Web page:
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What Is Backhaul (FAQ)

What Is Backhaul (FAQ)

We all use the internet all the time, but how much do you know about the infrastructure? How does your device actually communicate with other devices around the world?

The full answer to that question is long and complicated, but you can understand a major portion of the internet and networking by learning about backhaul. It’s a key design component, and when you understand it, you can build better networks and find more efficient and effective ways to get devices to communicate.

What Is Backhaul?

To keep it simple, backhaul describes the hardware that connects core networks to sub-networks.

What does that mean?

The easiest example is to think of an internet service provider (ISP). They build and maintain the core network that connects basically all of the devices around the world. The major lanes of the internet are part of the core network. Meanwhile, if you want to hop online, you need to connect to that core network. Backhaul is the bridge between you and that primary infrastructure.

But, backhaul isn’t just for connecting to ISPs. If you were building your own data center, you would still have a local core network and subnets that need bridging, so you would use backhaul to make that happen.

A good analogy for all of this is to compare networks to roadways. When you’re in the city, you can take the local roads to get around town. That’s like being on the subnetworks. There are a lot of paths connecting a lot of different destinations, and the speeds and amount of traffic on any road usually aren’t that massive.

Then, you have the freeways. Speeds are higher. They service way more vehicles. The freeways are the core network. Backhaul would be the major roads that allow you to get to the freeway. It could include lesser highways and main thoroughfares.

In other words, backhaul can usually handle a lot of data and traffic at high speeds, and often at long distances.

What Are the Different Types of Backhaul?

Clearly, backhaul is an essential part of modern networking. How do you actually build it?

Technically, any device that can communicate could be part of your backhaul, but in practice, there are four primary types of backhaul, and the first two are far more common than the last two.

Wired

Wired connections are a huge portion of backhaul, and in many networks, the entirety of backhaul is wired. Since backhaul is usually trying to service large numbers of users at high speeds and potentially long distances, fiber optics are the primary choice for backhaul.

Wired connections are a huge portion of backhaul, and in many networks, the entirety of backhaul is wired. Since backhaul is usually trying to service large numbers of users at high speeds and potentially long distances, fiber optics are the primary choice for backhaul.

Still, not everything is run on optical lines, largely because of cost and practicality issues, and you can find plenty of examples of copper backhaul. Typically, for backhaul, the copper lines involved are in the faster spectrum, including T1 lines and other high-speed, long-range options.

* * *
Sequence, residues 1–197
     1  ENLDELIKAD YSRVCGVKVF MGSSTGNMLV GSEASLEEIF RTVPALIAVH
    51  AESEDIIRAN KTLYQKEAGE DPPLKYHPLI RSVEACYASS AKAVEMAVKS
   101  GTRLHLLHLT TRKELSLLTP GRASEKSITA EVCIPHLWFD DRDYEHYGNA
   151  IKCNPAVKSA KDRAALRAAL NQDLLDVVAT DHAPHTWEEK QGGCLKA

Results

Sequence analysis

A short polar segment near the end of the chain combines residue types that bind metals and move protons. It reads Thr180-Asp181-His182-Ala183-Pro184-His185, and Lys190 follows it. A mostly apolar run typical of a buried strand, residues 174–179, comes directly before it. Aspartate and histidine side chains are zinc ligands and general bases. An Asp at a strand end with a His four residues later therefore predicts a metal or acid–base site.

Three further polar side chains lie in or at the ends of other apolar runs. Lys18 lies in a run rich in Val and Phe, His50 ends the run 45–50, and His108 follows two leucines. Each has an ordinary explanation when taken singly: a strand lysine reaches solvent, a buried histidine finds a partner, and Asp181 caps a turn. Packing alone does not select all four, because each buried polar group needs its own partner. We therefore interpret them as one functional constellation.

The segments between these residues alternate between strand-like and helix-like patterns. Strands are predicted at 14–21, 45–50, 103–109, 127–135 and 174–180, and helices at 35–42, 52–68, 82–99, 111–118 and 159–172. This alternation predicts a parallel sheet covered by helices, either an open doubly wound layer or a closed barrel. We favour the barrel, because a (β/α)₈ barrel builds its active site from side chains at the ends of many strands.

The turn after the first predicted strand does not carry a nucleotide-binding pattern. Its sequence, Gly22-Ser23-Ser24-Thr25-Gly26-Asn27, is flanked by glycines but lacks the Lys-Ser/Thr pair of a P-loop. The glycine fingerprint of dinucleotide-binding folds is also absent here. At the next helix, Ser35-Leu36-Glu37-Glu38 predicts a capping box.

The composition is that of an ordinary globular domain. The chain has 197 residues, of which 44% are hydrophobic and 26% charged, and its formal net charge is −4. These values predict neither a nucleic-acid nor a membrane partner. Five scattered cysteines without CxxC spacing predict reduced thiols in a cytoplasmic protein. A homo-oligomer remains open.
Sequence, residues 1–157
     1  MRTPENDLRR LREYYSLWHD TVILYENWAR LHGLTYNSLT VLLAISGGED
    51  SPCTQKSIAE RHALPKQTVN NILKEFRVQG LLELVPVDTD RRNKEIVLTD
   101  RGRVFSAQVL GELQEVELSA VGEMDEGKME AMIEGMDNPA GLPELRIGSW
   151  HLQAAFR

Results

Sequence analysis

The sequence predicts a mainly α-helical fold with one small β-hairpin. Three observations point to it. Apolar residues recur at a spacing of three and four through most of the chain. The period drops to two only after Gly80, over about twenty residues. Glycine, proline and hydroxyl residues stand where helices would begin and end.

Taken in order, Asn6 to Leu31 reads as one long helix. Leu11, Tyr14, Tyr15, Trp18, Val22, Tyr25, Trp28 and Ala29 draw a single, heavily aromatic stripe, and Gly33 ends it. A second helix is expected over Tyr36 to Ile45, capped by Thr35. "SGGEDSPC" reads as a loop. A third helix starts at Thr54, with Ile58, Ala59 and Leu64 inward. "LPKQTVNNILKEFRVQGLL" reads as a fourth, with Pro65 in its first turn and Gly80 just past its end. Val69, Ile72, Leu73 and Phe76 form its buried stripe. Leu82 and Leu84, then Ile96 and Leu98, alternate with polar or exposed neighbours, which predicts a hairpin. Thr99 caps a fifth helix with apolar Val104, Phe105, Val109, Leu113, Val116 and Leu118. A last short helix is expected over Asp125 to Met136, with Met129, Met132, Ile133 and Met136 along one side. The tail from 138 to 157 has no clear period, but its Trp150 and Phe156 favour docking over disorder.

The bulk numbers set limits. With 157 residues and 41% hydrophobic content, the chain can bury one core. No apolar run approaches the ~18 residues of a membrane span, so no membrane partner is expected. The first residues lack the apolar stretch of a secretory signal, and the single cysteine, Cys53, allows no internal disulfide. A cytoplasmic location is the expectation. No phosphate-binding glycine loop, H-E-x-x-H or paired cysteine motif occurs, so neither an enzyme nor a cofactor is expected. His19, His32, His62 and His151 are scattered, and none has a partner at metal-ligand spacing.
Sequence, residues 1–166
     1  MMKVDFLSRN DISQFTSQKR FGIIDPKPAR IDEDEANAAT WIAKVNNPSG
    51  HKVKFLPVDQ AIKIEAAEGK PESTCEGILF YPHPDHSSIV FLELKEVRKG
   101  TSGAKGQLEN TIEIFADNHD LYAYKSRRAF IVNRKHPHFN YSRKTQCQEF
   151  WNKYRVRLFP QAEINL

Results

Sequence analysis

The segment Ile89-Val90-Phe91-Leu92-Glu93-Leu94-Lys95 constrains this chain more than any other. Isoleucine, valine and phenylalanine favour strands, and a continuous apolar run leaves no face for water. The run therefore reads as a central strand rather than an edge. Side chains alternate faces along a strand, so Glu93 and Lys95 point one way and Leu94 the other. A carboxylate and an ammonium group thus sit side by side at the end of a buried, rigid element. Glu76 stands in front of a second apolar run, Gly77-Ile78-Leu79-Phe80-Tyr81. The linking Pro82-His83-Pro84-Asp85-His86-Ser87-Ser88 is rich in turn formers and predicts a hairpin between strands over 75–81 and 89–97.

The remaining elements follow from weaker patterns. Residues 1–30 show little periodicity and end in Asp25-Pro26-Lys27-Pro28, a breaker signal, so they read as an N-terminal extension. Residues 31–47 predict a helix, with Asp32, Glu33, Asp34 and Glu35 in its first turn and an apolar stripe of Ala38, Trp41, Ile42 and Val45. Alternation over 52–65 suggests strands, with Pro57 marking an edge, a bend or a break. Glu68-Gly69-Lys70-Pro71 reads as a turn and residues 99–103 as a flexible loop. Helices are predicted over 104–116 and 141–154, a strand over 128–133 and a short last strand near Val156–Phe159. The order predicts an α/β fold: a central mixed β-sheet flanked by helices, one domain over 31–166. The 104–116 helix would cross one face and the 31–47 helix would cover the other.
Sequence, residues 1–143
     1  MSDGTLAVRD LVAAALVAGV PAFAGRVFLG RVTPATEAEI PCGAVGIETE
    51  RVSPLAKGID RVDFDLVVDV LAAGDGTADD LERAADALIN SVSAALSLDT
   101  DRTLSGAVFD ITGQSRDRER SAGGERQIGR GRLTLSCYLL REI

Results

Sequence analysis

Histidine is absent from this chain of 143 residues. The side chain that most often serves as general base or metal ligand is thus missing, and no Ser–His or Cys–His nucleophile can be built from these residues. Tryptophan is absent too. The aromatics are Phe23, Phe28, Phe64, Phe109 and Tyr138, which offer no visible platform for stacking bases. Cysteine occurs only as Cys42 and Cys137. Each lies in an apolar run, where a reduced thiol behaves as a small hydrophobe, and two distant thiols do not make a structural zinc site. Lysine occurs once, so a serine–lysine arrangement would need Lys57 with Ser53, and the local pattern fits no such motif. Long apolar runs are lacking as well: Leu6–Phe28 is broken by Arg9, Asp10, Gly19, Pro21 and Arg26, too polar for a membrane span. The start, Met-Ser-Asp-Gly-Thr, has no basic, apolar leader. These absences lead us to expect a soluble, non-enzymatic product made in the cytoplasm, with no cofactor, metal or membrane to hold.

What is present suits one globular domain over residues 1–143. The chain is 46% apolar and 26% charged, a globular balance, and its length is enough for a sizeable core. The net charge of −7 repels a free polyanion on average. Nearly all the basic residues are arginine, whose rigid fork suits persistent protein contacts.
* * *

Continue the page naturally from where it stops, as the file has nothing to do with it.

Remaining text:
For short backhaul runs, you might also see options like Cat8 and other fast copper connections.

Wireless

Wired connections are preferred for backhaul when available, but they aren’t always the practical choice. As distances grow and targeted access points get more remote, wireless becomes a great option.

For wireless backhaul, almost everything runs on microwave and millimeter communication bands, and to put this in perspective, a lot of wireless backhaul uses 4G, LTE, and 5G.

If you need backhaul coverage over a large area, then cellular backhaul is often the economical and efficient choice.

Satellite

Now, we’re getting into niche practices. There are circumstances where the subnets are so remote that even cellular isn’t practical. For those applications, satellite backhaul can get it done. Traditionally, satellite backhaul is not as fast and can’t handle as many users as wireless or wired backhaul, but it still remains the only viable choice in niche situations.

Wi-Fi

Last, we have Wi-Fi. Considering that backhaul often connects subnets across long distances, Wi-Fi isn’t the most common choice. But, it still shows up, and a specific example can help clarify how Wi-Fi works as backhaul.

In your home network, you probably connect to an ISP, and many home networks only have one modem. In fact, it’s common for that modem to also be a wireless router, and that all-in-one device can bridge your home network to the ISP. In that case, your Wi-Fi device is acting in the backhaul role.

In other networks, Wi-Fi can bridge backhaul to a node in a similar fashion. It doesn’t serve large distances, but Wi-Fi can be the easiest and most efficient way to bridge network components.

Ultimately, backhaul is about connecting network components in the best way possible, and the circumstances tend to dictate which kind of backhaul is right for a given network.

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